Brad didn’t feel grateful though. This cave wasn’t marked on the map he had been following and it was by pure change he had noticed the curving of the rock face. Walking on again, he looked for a good place to stop, but the ground looked too wet. Sighing, he carried on, thinking about how much he’d really had enough of this hiking trip.
Heading further into the cave, Brad passed by amazing features; stalactite and stalagmites growing to meet each other, pools of clear water, shining quartz and green oxidation patches along the walls. He was deep in thought when he stumbled over something.
Swearing loudly, Brad bent to rub his leg and catch his breath. Shinning his torch on the floor, he saw it wasn’t actually a rock he had tripped on but a large metal box. Puzzled, he knelt down, shrugging off his hiking bag. He felt along the lid of the box then easily opened it.
The shine of cans met his eyes. Brad frowned and rummaged through the box. Labels showed that all the tins were food and there must have been over a hundred of them. Mumbling the strangeness of this, Brad stood up and shone his torch further down. The ends of metal shelves placed against both walls of the cave flashed up.
Walking on, he began to inspect the items on the shelves and open more metal boxes on the floor. It wasn’t until he found a book about nuclear war that he realised what he had discovered.
The wooden back of a huge pocket watch had stood in the corner of the town’s park for hundreds of years. The origins of it had long been lost, but the myth was that the pocket watch had once belonged to a giant.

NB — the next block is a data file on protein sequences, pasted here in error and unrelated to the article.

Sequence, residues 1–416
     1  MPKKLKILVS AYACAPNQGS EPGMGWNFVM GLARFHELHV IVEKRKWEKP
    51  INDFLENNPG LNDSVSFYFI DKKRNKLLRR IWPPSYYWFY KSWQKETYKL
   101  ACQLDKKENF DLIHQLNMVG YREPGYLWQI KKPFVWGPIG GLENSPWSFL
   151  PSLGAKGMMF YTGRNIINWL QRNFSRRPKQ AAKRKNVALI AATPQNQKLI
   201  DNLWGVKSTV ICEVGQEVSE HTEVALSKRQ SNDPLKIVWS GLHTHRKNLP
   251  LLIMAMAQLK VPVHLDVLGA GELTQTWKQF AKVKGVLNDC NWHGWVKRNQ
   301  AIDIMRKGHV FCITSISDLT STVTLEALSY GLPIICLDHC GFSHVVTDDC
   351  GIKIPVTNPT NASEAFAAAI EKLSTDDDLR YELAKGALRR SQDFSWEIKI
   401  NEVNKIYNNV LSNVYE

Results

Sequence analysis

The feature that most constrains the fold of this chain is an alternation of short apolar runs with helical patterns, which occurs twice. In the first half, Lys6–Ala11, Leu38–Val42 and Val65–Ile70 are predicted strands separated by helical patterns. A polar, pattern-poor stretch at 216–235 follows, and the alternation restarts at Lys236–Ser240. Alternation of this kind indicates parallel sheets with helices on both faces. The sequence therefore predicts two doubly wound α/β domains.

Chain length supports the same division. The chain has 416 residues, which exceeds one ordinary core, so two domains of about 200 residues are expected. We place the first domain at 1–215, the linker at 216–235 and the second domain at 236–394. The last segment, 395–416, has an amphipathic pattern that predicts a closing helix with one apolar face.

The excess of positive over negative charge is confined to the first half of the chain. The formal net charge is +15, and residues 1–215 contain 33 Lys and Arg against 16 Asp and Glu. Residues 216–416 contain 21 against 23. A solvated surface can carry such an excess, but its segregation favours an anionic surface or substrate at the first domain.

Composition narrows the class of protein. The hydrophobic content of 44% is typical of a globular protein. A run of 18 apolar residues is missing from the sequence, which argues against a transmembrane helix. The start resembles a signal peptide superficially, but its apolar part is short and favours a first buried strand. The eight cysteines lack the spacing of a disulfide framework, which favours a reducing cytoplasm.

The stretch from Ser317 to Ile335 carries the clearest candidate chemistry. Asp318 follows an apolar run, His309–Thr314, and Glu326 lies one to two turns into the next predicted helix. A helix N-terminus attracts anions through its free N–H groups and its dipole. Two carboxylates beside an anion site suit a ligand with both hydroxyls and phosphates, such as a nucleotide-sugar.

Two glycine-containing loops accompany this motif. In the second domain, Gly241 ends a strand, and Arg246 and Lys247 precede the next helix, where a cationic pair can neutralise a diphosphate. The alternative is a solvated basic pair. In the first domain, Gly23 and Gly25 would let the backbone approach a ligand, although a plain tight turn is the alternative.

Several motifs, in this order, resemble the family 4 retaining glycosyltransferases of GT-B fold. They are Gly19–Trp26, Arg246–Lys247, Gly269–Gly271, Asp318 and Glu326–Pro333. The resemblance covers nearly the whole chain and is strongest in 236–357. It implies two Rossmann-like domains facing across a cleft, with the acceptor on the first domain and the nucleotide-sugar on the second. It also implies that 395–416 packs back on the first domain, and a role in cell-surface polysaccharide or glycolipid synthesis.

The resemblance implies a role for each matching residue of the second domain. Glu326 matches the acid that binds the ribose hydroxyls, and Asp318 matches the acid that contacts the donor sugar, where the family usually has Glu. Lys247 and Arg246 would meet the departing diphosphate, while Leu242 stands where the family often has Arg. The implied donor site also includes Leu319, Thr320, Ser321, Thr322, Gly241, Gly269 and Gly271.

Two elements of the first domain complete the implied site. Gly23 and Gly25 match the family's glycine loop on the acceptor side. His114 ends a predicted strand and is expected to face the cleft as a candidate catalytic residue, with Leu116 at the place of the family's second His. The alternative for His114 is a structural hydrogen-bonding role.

The giant Haldor was running late for the yearly Giants Together meeting. As he trod over a village, ignoring the fleeing of little people far below him, he drew out his pocket watch and checked the time. Seeing, he was going to be very late indeed, he hurriedly put the watch back into his pocket.
However, he missed and the watch hit the floor. Angrily, he bent to pick it up and swiped down two cottages as he did so. Hurrying on, he didn’t notice that his pocket watch had broken in the fall.
Years later, a shepherd lad was searching for a lost lamb when he came across the back of the pocket watch. He stared up in awe at the huge wooden circle then spotting his lamb nearby, he hurried to collect her. When he returned home, he told his father about what he had seen, for the lad was too young to remember the giant Haldor. His father clearly recalled the day though.
And that was how the myth of the giant’s pocket watch began.
In the mornings, he would sit in the tree and watch the village. At lunchtime he would come down, visit three houses for lunch then curl up somewhere warm and quiet for the afternoon. In the evenings, he strolled around till late then mewed at doors till someone let him in.
Jasper loved money. There was something comforting and reassuring about the feel of coins in his hands. He liked the weight and the coldness which quickly became warm. The sounds the coins made as they clinked together or on to things was music to his ears.